decubitus ulcer

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de·cu·bi·tus ulcer


[Medieval Latin dēcubitus, lying down, being bedridden, from past participle of Latin dēcumbere, to lie down; see decumbent.]
American Heritage® Dictionary of the English Language, Fifth Edition. Copyright © 2016 by Houghton Mifflin Harcourt Publishing Company. Published by Houghton Mifflin Harcourt Publishing Company. All rights reserved.

decubitus ulcer

(Pathology) a chronic ulcer of the skin and underlying tissues caused by prolonged pressure on the body surface of bedridden patients. Nontechnical names: bedsore or pressure sore
Collins English Dictionary – Complete and Unabridged, 12th Edition 2014 © HarperCollins Publishers 1991, 1994, 1998, 2000, 2003, 2006, 2007, 2009, 2011, 2014
ThesaurusAntonymsRelated WordsSynonymsLegend:
Noun1.decubitus ulcer - a chronic ulcer of the skin caused by prolonged pressure on it (as in bedridden patients)
ulcer, ulceration - a circumscribed inflammatory and often suppurating lesion on the skin or an internal mucous surface resulting in necrosis of tissue
Based on WordNet 3.0, Farlex clipart collection. © 2003-2012 Princeton University, Farlex Inc.
References in periodicals archive ?
Upon admission, patient's clinical examination revealed influenced general state, pallor, multiple bruises on the upper limbs, abdomen and a second grade decubitus ulcer on the right external malleolus.
Foot ulcers and SSTIs are 4.2 times more common in diabetics compared to non-diabetics.[1] 15% diabetic patients will suffer with diabetic foot ulcer once in their lifetime and is difficult to get treated.[10] Life is endangered due to other severe infections like necrotising fasciitis, decubitus ulcer, carbuncles, septic shock and other related complications like cardiac and renal.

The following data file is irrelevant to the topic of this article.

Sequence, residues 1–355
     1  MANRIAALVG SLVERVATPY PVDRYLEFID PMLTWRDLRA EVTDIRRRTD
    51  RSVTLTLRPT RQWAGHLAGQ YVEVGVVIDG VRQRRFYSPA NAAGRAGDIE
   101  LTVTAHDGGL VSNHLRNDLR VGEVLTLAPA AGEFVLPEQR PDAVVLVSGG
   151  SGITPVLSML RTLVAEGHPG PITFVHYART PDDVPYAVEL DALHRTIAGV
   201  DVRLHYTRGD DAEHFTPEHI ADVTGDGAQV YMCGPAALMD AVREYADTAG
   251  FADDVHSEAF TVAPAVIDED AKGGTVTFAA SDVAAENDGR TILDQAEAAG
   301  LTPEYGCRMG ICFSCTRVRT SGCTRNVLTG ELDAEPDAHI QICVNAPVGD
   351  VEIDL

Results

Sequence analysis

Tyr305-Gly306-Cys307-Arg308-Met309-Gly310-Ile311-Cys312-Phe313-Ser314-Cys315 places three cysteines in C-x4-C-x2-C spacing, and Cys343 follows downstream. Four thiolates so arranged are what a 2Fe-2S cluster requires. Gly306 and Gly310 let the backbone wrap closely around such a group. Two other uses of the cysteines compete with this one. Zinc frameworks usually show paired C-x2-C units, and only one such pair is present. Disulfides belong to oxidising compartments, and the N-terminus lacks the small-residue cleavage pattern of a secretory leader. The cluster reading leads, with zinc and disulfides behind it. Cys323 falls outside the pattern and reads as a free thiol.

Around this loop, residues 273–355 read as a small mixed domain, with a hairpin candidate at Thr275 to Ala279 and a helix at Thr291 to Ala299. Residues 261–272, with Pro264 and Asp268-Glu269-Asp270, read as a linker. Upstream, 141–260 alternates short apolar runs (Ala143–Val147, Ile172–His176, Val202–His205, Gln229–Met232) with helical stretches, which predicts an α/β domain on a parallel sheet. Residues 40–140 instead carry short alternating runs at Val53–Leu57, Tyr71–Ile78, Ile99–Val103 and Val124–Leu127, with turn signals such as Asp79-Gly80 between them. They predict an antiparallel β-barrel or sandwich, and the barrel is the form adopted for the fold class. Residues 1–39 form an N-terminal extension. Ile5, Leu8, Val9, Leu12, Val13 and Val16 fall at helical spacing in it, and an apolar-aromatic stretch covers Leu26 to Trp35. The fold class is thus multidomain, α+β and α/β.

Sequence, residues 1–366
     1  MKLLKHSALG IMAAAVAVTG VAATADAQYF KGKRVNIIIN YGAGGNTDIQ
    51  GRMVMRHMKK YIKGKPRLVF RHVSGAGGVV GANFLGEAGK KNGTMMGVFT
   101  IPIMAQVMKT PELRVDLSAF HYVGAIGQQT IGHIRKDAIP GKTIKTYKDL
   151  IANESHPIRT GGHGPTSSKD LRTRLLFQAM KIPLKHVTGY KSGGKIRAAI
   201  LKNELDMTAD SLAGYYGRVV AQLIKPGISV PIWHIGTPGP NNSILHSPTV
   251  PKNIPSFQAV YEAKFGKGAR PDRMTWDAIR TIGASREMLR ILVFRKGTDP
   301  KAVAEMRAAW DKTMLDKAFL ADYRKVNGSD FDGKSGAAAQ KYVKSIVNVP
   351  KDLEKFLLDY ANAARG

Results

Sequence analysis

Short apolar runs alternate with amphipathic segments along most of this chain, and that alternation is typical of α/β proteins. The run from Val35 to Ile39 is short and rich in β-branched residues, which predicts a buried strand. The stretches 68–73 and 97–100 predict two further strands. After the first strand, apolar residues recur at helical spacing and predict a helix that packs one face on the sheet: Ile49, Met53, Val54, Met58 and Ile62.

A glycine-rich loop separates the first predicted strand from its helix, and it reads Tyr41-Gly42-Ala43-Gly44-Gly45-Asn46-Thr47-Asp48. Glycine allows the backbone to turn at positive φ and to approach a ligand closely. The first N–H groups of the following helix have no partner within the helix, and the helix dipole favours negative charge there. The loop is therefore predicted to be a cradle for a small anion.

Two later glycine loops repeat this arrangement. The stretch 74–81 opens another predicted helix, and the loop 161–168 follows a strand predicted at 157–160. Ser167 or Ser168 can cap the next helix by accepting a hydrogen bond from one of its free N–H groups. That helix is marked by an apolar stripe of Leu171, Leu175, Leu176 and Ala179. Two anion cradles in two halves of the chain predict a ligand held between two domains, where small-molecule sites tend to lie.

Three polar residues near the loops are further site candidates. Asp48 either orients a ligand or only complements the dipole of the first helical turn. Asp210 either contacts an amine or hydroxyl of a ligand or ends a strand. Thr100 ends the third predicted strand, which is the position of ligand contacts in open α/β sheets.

A stage 4 sacral decubitus ulcer and an ulceration of the left heel were also noted on exam.
Additional findings included the absence and/or deformity of multiple digits; a deep, painless, 2 x 2 x 3 cm ulcer on the medial volar aspect of the right foot, immediately proximal to the first digit; a painless 3.5 x 2.5 cm decubitus ulcer over the left ischial tuberosity; wasting of the right periocular muscles and a right-sided cataract.
Rarely, carcinoma develops over the decubitus ulcer. [14] The ulcers seen on the irritated cervices with prolapse are more often of the decubitus type.
A 45-year-old African-American man with T6 paraplegia was admitted for malaise, weight loss, and a sacral decubitus ulcer for 20 years duration.
Two days post surgery, Paul's wife and a Center nurse discovered that Paul had developed a decubitus ulcer on his tailbone.
On April 29, Paul's wife and a CM MC nurse discovered that he had developed a decubitus ulcer commonly referred to as a bedsore, on his tailbone.
Seven PSIs showed significant increasing APCs in the time frame of 1998-2007: postoperative pulmonary embolism or deep vein thrombosis (8.94), postoperative physiological or metabolic derangement (7.67), postoperative sepsis (7.17), selected infections due to medical care (4.05), decubitus ulcer (3.05), accidental puncture or laceration (2.64), and postoperative respiratory failure (1.46).
NY: Failure to Identify Stages of Decubitus Ulcer: Court Denied Hospital's Motion to Dismiss Suit
For the percentage of Asian discharges, there were only five statistically significant associations--craniotomy, decubitus ulcer, failure to rescue, postoperative pulmonary embolism and deep vein thrombosis, and OB trauma vaginal birth with instrument.